OTTAWA, Ontario February 11, 2019 — The trend in housing starts in Canada was 208,131 units in January 2019, compared to 207,171 units in December 2018, according to Canada Mortgage and Housing Corporation (CMHC).
This trend measure is a six-month moving average of the monthly seasonally adjusted annual rates (SAAR) of housing starts.
“After recent declines, the national trend in housing starts held steady in January and remained above historical average,” said Bob Dugan, CMHC’s chief economist. “While single-detached starts continued to trend lower in January, this was offset by an uptick in the trend for multi-unit dwellings in urban centres.”
In the Toronto Census Metropolitan Area (CMA) the total housing starts trend was unchanged from the previous month. Single and semi-detached homes, along with condominium apartment starts, trended lower.
Row starts, conversely, trended significantly higher, as strong pre-construction sales, towards the latter part of 2018, converted into housing starts. Rising borrowing costs kept pre-construction sales of new homes low, particularly low-rise, throughout 2018. As a result, CMHC says “expect to see even fewer units breaking ground during 2019”.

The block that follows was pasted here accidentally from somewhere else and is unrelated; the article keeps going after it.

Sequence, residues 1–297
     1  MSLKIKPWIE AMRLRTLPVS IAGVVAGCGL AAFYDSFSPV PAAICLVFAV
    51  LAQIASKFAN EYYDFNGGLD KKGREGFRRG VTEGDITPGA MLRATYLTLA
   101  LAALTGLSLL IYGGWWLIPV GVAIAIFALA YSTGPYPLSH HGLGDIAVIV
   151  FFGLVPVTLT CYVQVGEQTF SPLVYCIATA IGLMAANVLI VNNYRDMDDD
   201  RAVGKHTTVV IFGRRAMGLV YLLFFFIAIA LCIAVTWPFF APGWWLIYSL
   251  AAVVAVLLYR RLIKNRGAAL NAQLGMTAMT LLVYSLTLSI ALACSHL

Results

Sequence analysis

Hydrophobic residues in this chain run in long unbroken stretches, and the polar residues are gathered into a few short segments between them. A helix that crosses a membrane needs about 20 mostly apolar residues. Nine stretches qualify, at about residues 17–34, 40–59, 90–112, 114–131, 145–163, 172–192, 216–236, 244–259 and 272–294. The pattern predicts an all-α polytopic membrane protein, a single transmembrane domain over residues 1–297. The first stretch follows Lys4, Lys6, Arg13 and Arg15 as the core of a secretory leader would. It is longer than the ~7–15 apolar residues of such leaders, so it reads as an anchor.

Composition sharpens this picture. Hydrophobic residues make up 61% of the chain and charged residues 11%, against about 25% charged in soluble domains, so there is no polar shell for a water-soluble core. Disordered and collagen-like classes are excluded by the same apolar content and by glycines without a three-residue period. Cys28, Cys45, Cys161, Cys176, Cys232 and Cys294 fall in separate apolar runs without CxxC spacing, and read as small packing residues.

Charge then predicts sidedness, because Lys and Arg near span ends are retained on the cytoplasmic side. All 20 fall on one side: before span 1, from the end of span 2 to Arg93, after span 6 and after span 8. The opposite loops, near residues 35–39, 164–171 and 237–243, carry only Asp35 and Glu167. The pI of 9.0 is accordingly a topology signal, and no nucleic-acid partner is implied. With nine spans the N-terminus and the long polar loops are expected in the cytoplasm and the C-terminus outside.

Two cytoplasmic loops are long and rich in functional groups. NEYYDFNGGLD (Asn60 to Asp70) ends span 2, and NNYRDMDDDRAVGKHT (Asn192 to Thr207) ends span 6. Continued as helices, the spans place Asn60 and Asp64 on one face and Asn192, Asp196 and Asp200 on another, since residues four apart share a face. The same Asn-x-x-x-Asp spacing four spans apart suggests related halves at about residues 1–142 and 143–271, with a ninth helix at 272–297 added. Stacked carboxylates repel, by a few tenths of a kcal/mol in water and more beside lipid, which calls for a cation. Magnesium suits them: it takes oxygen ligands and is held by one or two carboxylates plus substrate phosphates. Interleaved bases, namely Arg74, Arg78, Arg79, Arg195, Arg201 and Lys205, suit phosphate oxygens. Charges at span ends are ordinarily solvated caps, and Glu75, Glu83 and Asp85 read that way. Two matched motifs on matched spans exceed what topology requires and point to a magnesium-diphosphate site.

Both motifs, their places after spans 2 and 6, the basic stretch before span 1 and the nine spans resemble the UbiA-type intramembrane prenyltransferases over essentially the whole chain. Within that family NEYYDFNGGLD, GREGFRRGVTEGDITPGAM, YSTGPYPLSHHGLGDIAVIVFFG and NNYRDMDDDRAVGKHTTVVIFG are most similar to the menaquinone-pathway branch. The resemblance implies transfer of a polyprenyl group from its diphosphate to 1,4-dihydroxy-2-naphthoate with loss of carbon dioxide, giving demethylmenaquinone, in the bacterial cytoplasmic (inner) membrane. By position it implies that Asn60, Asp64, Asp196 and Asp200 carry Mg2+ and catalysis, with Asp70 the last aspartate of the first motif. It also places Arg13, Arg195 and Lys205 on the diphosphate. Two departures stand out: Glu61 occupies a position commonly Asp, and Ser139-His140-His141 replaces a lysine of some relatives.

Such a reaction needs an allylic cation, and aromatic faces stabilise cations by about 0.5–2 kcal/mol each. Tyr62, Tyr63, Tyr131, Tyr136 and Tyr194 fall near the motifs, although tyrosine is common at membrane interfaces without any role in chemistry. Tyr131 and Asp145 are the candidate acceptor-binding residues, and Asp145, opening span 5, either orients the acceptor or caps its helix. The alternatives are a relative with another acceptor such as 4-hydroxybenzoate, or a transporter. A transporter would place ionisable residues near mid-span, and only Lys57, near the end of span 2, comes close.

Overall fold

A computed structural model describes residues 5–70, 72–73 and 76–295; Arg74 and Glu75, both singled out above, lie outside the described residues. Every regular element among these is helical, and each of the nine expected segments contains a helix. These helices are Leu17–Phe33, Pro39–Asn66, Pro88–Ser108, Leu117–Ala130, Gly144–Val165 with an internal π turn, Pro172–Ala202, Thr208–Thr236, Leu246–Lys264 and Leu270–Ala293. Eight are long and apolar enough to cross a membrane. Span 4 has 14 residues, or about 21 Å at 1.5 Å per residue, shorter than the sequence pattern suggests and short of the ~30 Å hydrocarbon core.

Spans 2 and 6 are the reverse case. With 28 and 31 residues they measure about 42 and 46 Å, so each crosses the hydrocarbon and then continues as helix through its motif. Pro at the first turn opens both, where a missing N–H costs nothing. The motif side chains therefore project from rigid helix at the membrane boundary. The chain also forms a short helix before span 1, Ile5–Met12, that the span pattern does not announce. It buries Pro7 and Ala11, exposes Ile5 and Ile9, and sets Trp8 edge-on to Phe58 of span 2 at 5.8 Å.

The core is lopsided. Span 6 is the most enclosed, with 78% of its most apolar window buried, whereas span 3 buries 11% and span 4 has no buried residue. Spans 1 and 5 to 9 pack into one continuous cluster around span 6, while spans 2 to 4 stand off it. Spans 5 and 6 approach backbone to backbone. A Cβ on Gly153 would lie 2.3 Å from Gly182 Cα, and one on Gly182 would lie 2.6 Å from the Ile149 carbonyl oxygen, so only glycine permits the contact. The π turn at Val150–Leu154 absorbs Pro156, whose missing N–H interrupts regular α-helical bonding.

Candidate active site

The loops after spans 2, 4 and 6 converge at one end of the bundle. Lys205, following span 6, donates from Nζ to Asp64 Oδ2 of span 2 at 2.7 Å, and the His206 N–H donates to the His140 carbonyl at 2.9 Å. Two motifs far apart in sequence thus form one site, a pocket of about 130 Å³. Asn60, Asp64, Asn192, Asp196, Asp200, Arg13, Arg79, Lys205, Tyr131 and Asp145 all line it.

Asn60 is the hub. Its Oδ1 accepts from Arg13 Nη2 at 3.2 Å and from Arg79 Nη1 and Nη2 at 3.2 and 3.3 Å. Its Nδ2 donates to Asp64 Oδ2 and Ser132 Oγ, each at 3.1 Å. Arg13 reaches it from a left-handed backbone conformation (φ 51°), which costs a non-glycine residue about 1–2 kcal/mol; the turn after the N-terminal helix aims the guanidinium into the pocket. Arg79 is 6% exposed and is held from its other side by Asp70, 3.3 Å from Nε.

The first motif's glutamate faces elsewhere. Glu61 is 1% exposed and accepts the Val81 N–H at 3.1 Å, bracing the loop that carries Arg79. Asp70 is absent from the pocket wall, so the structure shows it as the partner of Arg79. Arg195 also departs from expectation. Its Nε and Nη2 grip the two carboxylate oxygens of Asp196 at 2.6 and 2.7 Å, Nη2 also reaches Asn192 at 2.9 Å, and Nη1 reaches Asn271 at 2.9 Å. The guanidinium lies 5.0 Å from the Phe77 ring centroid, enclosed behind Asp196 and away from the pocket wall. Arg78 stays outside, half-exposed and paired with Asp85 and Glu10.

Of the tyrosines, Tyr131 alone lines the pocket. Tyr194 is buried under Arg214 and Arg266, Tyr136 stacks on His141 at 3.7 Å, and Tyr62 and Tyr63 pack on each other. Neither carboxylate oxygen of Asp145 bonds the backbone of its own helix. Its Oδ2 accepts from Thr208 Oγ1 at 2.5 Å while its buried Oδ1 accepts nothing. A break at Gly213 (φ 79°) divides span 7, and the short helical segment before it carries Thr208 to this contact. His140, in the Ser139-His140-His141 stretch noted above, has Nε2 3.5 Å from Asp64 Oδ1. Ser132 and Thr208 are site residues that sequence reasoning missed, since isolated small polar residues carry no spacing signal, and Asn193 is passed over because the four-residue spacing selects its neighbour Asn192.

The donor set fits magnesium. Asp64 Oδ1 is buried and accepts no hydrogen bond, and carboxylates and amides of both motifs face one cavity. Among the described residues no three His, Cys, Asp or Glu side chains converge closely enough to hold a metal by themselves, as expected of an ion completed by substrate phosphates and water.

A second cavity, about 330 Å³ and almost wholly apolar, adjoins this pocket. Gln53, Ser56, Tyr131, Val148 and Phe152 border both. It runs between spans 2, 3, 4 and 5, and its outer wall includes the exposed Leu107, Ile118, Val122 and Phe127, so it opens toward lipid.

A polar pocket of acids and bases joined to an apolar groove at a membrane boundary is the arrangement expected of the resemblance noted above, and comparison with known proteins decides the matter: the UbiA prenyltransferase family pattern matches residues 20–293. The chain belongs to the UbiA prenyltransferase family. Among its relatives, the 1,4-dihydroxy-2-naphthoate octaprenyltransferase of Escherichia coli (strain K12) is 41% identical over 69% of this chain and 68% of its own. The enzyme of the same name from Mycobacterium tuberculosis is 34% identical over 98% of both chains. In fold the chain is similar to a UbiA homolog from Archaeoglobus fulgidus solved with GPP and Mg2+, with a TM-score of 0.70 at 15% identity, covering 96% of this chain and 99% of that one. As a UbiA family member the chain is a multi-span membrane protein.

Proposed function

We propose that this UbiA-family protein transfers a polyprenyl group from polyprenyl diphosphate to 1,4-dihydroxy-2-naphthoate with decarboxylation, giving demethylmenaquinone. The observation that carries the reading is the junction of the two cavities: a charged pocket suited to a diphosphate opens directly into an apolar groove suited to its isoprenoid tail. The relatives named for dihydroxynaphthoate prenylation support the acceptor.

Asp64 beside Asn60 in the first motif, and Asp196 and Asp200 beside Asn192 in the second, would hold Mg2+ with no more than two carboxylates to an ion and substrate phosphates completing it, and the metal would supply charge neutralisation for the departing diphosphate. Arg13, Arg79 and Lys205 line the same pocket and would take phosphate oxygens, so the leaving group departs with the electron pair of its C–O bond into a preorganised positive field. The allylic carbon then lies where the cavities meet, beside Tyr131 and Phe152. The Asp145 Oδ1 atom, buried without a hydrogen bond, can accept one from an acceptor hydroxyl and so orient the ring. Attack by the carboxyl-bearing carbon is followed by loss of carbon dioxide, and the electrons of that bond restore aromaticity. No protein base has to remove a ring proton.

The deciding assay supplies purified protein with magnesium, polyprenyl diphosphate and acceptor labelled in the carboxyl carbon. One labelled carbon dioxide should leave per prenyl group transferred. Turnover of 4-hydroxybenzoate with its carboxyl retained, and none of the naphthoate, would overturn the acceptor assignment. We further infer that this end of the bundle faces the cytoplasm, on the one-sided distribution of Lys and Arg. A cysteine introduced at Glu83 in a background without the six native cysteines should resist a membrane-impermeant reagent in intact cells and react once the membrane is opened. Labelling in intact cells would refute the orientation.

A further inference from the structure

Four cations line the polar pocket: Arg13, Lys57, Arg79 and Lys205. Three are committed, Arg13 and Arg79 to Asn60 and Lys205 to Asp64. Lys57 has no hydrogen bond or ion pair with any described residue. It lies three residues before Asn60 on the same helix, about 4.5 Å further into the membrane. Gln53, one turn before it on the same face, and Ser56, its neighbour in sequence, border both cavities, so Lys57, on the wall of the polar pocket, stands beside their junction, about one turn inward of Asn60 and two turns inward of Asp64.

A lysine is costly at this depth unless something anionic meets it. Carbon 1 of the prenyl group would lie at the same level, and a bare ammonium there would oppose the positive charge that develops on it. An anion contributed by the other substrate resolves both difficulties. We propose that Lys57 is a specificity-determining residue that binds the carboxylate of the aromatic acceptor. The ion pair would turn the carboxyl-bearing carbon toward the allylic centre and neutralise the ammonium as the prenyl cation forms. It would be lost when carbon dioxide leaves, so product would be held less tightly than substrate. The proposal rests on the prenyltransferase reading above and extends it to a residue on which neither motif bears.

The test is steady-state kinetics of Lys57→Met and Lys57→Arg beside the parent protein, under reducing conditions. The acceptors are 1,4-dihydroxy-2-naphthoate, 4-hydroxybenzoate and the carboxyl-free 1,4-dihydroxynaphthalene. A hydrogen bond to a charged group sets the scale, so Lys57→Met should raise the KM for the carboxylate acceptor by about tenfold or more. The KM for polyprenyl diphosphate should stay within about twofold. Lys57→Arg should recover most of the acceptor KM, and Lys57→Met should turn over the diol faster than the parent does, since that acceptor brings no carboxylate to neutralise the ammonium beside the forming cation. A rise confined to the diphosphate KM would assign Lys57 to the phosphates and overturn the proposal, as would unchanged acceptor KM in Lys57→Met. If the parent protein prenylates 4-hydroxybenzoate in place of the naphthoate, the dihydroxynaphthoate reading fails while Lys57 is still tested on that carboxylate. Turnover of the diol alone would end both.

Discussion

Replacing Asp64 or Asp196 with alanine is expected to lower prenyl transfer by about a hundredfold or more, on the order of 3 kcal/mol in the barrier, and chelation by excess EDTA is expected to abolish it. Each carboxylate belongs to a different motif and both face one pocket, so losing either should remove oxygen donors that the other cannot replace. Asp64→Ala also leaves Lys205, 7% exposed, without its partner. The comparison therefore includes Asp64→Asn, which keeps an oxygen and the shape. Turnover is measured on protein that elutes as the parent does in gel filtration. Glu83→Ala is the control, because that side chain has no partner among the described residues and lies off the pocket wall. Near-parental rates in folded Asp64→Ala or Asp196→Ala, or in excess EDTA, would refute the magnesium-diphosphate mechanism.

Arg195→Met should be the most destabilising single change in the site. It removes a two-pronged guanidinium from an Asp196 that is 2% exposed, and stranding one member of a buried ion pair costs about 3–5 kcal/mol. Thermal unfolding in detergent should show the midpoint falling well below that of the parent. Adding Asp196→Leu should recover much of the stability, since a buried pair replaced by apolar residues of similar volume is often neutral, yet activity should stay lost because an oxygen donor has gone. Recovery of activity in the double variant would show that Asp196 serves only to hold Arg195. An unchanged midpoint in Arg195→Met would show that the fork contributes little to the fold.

The trend measure for housing starts in the Vancouver (CMA) held steady in January 2019, after trending lower in the second half of 2018. The majority of January’s starts were concentrated in the apartment condominium segment in the cities of Vancouver and Burnaby, which together, accounted for over half of new construction activity for the month.
Housing starts activity started off slowly in the Québec CMA, as a result of a decrease in the multi-unit segment.
“Despite this slowdown in January, multi-unit — especially rental — housing construction should stay relatively strong this year,” predicts the CMHC.
Activity in this market segment is being stimulated in particular by migration and the aging of the population.
In January 2019, New Brunswick’s total housing starts were 33% higher, compared to a year ago. The increase was due to multiple-unit starts, which were more than double the number observed in January 2018. On the other hand, construction of single-detached housing has been on a downward trend and the number of starts in January was the lowest for the month in 20 years.
CMHC uses the trend measure as a complement to the monthly SAAR of housing starts to account for considerable swings in monthly estimates and obtain a more complete picture of Canada’s housing market. In some situations analyzing only SAAR data can be misleading, as they are largely driven by the multi-unit segment of the market which can vary significantly from one month to the next.
The standalone monthly SAAR of housing starts for all areas in Canada was 207,968 units in January, down from 213,630 units in December. The SAAR of urban starts decreased by 2.1 percent in January to 190,912 units. Multiple urban starts increased by 0.7 percent to 146,353 units in January, while single-detached urban starts decreased by 10.4 percent to 44,559 units.
Rural starts were estimated at a seasonally adjusted annual rate of 17,056 units.